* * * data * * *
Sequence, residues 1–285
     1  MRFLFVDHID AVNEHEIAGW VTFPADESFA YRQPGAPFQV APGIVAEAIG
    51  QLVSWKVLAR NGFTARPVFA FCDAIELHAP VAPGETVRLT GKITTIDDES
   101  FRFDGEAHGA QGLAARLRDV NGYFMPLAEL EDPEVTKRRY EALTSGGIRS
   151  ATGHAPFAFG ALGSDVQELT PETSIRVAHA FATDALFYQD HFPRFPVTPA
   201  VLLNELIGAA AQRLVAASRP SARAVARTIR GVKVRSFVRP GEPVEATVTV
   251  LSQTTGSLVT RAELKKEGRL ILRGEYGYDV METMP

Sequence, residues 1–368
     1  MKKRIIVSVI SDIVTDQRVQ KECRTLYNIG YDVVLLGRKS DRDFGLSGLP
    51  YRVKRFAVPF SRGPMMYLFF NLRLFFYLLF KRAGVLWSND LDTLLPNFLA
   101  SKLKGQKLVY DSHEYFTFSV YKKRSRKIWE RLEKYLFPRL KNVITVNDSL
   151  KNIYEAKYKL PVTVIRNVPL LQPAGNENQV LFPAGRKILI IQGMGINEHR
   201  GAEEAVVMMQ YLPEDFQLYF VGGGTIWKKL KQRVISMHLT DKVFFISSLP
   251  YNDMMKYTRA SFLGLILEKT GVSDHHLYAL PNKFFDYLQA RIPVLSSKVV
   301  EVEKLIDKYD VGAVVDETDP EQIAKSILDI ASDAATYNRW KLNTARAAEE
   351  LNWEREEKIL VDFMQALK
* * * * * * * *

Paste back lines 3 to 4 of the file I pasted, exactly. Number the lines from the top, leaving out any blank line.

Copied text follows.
    51  QLVSWKVLAR NGFTARPVFA FCDAIELHAP VAPGETVRLT GKITTIDDES
   101  FRFDGEAHGA QGLAARLRDV NGYFMPLAEL EDPEVTKRRY EALTSGGIRS